Upon moving here, I started getting wind of the Eastern Shore as DC’s Hamptons or Cape Cod, except with less hoity-toity pretend-high-class and more digging into crabs. The idea is to one day get a joint vacation house with my sister and her husband so we can pile all our “extras” (furniture, bedding, pre-marriage dishes and pots, artwork, etc) into this joint house and have a place to go together, like at Christmas and random weekends. Turns out, in the six years that they’ve lived here, my sister and husband have never made it to the Eastern Shore. So this past weekend, Jon and I took my friend Grace and her husband Chih, who decided to escape the clutches of New York for a nature retreat, to explore this chunk of Maryland, the “right lung” as I described to Chih. Grace and I, who hadn’t lived together since 1998, decided to get re-acquainted as roommates by squashing into one tent with our respective husbands.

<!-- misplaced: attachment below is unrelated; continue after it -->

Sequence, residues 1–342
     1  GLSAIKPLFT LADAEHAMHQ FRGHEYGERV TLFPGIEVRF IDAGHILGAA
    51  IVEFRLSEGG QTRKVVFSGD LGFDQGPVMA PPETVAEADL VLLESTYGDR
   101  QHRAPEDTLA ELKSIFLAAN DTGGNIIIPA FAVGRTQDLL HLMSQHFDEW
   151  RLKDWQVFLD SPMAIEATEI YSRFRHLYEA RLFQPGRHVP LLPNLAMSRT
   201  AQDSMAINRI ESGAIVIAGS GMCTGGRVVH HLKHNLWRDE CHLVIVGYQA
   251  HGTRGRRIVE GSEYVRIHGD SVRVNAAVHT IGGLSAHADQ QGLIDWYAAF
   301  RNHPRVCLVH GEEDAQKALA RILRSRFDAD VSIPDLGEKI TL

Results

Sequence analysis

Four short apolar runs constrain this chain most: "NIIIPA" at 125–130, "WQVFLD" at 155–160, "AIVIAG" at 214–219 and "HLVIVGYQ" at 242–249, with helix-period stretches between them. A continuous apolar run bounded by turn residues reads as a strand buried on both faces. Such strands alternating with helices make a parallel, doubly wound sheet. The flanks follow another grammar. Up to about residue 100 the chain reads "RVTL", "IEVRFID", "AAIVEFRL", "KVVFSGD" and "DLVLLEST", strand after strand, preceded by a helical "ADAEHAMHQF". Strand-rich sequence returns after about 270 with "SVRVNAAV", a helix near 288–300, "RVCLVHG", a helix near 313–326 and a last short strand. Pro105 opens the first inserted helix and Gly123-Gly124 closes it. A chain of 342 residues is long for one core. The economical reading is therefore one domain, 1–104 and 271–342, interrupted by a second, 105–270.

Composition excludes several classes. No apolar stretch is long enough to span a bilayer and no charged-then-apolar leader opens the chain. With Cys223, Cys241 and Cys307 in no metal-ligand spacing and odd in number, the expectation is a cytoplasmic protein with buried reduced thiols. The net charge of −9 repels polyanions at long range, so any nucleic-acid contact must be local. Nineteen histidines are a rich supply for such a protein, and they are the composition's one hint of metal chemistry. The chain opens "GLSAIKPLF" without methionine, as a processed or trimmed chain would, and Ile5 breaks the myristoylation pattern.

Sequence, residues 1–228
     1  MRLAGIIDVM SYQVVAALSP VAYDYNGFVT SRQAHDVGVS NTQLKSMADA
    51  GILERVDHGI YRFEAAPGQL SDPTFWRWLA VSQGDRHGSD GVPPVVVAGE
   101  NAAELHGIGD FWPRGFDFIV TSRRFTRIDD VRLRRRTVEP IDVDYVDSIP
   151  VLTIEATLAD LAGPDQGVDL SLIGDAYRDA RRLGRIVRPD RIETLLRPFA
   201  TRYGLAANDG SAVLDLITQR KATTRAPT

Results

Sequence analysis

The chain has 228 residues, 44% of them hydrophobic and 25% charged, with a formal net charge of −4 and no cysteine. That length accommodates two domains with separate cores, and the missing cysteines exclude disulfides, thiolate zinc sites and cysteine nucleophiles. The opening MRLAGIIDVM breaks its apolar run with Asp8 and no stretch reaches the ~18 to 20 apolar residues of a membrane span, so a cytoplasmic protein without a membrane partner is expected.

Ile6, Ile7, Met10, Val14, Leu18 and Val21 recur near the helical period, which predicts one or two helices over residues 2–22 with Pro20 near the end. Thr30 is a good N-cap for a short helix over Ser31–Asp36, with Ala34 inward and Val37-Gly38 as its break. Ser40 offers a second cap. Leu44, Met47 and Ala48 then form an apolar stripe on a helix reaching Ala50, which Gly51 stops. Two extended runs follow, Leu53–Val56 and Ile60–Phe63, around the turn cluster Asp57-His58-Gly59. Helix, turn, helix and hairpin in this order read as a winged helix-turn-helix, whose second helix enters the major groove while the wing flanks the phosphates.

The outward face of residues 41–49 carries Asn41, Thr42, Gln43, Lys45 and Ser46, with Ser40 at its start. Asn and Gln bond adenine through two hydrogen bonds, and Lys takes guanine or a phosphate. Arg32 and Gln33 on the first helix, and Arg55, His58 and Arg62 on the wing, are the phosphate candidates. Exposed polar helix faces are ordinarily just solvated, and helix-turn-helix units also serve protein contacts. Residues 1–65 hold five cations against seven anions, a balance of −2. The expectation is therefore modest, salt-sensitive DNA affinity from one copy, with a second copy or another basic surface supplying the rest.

DSC02986We packed for camping on Janes Island State Park, right next to Crisfield, overstuffing the back of Jon’s Xterra with camping supplies galore, including pillows and sheets. We drove across a few bridges, several cornfields, farm stands with Double Yolk eggs, small towns, big towns, strip malls, waterways, until we reached our camp site, 20 feet from the water. The camp sites were separated from the water by a long green lawn, where people set up dinner to enjoy by the sunset. We got bitten by hundreds of mosquitoes, some which splattered blood when we slapped them dead, and Chih and Grace took home a few ticks in their clothes (more nature than they really anticipated). People were fishing for crabs all along the waterway and pulling up enough for dinner, so we decided to try it ourselves the next night.